"solar activity" vs "the solar activity"



As not a native speaker, I often have difficulties with English articles. Could anybody tell me, is there any difference in the meaning or correctness of the following sentences:

1. "Predictions suggest that solar activity will fall by 60 per cent during the 2030s."

2. "Predictions suggest that the solar activity will fall by 60 per cent during the 2030s."

Are there situations when one version is more relevant than another? I know that in the case of verbal nouns (like "activity") indefinite articles can (or must?) be dropped. But what is about "the"?

Thank you in advance,
  • vincix

    Senior Member
    In the newspapers, articles (grammatical articles :)) are usually omitted, regardless of whether under normal circumstances they are correct or not. The whole idea is that headlines should be as concise as possible, and any information that is not essential is removed.

    On the other hand, your sentence doesn't seem to be a headline. It's too long, too "redundant".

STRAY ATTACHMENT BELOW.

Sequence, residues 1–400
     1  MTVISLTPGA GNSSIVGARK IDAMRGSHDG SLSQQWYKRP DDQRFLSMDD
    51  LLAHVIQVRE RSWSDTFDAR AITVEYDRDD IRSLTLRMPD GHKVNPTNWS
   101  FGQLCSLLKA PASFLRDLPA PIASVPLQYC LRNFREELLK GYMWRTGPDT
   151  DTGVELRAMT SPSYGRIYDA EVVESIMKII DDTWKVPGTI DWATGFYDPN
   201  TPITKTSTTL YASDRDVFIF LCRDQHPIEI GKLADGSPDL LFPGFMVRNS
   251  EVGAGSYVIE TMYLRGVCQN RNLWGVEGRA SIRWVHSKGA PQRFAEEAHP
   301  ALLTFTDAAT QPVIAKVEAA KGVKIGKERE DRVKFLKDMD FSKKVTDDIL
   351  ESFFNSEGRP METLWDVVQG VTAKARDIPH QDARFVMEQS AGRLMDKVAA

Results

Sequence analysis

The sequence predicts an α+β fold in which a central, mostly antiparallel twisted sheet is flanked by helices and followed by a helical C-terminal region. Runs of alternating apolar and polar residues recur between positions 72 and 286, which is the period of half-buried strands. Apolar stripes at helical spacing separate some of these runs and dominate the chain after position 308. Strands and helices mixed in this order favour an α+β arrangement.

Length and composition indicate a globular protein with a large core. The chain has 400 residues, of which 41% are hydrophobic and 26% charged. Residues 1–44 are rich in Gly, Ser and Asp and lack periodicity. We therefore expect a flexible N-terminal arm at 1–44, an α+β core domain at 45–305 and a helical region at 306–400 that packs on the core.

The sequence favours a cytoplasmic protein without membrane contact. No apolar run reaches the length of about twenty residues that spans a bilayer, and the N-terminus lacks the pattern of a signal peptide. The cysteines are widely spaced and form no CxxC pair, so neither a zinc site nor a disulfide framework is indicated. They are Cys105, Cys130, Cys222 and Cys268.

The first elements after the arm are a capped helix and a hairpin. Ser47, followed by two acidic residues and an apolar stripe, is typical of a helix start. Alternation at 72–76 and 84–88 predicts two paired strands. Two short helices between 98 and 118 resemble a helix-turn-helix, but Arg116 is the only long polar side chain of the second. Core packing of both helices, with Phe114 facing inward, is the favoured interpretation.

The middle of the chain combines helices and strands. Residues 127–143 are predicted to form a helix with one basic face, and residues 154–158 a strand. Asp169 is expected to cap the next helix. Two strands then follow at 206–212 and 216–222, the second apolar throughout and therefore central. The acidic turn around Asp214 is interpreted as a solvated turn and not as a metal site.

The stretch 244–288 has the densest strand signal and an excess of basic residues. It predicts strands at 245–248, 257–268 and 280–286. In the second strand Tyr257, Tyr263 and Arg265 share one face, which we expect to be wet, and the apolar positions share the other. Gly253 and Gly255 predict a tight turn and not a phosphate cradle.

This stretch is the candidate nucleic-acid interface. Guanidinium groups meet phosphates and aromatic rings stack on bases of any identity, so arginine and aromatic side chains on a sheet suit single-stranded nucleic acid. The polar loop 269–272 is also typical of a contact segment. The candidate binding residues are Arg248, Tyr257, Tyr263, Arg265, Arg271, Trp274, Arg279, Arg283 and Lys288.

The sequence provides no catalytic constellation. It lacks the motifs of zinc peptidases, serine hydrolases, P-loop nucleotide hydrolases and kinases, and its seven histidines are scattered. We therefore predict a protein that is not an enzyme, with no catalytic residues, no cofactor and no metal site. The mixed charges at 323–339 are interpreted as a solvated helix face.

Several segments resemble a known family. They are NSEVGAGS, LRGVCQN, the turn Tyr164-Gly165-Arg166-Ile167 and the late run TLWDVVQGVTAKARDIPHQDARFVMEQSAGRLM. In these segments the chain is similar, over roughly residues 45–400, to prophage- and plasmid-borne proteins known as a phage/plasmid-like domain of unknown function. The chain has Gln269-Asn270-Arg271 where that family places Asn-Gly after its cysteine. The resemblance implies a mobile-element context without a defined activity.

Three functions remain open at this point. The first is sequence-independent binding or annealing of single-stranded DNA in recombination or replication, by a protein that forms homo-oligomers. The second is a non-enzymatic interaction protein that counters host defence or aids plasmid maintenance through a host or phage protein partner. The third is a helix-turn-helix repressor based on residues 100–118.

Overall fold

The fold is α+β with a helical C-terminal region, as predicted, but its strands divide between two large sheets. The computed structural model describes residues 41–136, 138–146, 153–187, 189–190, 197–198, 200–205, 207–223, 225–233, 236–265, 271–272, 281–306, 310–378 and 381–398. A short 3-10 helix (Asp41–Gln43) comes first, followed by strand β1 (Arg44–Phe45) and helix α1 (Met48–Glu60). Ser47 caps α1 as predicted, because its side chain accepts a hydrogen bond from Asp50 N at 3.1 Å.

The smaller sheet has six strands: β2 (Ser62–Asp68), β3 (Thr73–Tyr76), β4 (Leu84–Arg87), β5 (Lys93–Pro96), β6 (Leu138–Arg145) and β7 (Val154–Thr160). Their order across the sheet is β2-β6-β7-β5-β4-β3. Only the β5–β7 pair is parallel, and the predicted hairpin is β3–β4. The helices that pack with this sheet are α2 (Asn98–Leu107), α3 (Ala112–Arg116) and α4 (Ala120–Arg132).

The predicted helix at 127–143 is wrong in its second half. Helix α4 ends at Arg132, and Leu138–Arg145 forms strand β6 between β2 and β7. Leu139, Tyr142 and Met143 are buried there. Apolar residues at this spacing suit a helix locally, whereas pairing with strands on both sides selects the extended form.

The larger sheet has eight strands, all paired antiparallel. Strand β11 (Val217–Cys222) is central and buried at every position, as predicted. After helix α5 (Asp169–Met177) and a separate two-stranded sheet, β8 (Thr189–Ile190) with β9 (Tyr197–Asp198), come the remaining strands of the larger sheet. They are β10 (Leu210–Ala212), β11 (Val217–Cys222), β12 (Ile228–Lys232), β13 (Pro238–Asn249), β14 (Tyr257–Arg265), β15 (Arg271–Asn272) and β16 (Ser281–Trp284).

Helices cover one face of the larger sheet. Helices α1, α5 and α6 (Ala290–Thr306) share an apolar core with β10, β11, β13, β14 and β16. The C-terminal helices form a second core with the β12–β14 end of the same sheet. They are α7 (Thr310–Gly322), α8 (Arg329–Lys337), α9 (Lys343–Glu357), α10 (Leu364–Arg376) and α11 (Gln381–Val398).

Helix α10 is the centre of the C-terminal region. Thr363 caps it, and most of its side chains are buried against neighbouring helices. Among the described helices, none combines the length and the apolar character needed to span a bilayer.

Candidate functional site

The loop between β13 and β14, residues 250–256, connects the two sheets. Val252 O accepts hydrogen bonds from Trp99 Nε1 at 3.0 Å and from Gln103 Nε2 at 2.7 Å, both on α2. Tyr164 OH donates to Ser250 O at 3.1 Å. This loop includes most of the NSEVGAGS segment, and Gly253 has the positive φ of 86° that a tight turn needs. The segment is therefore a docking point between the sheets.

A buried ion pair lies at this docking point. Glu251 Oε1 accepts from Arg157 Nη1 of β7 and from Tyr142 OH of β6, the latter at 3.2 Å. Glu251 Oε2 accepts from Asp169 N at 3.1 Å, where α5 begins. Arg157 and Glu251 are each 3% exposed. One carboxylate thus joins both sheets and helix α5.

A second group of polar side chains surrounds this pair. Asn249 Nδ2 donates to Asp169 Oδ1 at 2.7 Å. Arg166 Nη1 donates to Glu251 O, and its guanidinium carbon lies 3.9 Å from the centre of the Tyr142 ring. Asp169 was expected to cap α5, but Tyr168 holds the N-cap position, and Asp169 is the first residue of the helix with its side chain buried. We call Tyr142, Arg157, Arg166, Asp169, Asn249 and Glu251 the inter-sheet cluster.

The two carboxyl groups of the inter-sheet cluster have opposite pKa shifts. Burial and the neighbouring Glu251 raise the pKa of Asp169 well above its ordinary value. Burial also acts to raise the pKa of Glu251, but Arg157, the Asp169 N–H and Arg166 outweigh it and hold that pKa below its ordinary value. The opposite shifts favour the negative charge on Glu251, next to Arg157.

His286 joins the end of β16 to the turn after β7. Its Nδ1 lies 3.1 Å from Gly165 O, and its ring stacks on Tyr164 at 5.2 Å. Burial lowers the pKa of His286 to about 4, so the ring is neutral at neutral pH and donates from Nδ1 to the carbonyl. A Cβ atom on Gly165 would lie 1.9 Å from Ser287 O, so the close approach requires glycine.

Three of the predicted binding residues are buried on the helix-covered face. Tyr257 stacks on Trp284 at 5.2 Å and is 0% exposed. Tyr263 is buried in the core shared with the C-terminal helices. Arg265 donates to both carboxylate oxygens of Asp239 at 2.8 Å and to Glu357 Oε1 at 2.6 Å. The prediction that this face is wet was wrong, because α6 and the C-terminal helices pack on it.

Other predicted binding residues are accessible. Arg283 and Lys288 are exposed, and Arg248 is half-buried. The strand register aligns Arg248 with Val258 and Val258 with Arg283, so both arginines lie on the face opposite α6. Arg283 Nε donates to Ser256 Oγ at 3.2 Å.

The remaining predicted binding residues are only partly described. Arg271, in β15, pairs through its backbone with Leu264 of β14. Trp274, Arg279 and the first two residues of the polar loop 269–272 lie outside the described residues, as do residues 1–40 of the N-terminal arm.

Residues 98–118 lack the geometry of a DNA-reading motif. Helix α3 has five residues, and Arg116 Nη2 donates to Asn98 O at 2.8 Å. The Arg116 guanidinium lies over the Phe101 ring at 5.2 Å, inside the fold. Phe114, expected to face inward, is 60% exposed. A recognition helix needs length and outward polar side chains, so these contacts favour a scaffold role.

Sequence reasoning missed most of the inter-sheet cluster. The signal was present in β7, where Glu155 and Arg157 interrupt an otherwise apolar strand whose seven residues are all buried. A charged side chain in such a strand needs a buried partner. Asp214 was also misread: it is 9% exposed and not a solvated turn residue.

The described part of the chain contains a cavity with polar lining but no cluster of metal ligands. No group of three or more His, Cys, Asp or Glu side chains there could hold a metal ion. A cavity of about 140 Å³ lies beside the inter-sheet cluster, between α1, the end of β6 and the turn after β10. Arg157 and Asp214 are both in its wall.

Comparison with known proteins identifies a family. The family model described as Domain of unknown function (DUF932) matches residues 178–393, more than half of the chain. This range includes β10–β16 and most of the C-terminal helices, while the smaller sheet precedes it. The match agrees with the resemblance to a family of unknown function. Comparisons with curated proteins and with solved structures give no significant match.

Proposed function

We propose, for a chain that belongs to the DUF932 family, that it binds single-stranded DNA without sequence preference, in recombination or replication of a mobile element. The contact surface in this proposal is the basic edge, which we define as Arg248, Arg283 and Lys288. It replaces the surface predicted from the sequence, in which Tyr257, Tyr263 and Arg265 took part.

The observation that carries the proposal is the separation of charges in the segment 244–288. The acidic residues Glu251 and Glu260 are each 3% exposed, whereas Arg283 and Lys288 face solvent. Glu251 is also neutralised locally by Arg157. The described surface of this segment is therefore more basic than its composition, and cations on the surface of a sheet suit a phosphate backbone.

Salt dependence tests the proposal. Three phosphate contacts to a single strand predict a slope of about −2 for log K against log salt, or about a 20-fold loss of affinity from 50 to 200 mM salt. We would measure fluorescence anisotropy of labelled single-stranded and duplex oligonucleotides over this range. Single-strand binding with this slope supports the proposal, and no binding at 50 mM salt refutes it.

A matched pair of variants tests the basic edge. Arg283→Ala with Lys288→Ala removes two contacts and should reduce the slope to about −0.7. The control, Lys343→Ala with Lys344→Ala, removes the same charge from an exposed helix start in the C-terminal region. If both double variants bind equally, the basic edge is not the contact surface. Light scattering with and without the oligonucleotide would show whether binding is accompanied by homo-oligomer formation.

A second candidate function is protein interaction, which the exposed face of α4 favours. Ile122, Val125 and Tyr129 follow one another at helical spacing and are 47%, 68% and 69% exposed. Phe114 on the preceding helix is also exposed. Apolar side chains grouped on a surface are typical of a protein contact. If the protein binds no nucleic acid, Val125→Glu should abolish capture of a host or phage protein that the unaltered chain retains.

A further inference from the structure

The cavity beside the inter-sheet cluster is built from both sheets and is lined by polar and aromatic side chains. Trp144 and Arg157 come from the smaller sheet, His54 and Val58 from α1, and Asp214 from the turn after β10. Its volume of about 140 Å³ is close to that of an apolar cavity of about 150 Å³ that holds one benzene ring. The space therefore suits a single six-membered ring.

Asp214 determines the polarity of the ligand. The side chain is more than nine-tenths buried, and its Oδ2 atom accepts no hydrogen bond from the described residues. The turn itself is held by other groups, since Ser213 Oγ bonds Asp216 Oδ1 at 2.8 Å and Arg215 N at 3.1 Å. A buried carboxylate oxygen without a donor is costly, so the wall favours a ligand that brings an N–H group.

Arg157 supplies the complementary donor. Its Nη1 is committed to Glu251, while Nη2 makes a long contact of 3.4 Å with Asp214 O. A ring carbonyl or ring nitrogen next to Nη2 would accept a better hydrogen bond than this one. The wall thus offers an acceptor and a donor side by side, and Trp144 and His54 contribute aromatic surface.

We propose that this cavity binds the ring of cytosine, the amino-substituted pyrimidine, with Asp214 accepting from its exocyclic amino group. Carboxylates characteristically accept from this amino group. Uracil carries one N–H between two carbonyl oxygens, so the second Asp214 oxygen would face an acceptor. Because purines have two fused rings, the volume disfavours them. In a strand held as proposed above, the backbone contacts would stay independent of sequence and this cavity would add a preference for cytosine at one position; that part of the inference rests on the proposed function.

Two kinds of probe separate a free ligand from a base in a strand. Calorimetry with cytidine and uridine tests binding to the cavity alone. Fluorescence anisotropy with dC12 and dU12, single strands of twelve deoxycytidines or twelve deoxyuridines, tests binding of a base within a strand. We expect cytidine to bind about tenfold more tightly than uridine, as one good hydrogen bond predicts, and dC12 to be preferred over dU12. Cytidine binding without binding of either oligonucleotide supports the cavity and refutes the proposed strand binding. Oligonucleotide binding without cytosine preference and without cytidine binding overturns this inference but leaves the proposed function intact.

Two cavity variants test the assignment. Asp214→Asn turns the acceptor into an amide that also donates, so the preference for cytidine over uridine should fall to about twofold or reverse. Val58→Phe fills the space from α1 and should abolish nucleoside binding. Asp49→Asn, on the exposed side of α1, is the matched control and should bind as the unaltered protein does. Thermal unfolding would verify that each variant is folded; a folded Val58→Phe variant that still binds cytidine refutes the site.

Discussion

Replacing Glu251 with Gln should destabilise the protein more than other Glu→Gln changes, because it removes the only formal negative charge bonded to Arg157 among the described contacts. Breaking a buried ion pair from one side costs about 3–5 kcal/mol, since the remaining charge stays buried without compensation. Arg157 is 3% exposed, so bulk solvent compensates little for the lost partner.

I'm not sure about the difference between "the" and the zero article in this case. To me it is insignificant, but a native speaker should be able to clear things up for us.


    Senior Member
    English - South-East England
    The sun is always active, to some degree, and that activity is solar activity, no article. It's not a specific (part/kind of) solar activity. But we can talk about the solar activity of a period, the solar activity in 2014 for example, or the solar activity when sunspots are at the peak of their cycle. Here 'the' picks out this specific part of the whole. Your example sentence is better without 'the', as it means activity generally, though you could then go on and talk about the activity during the 2030s.
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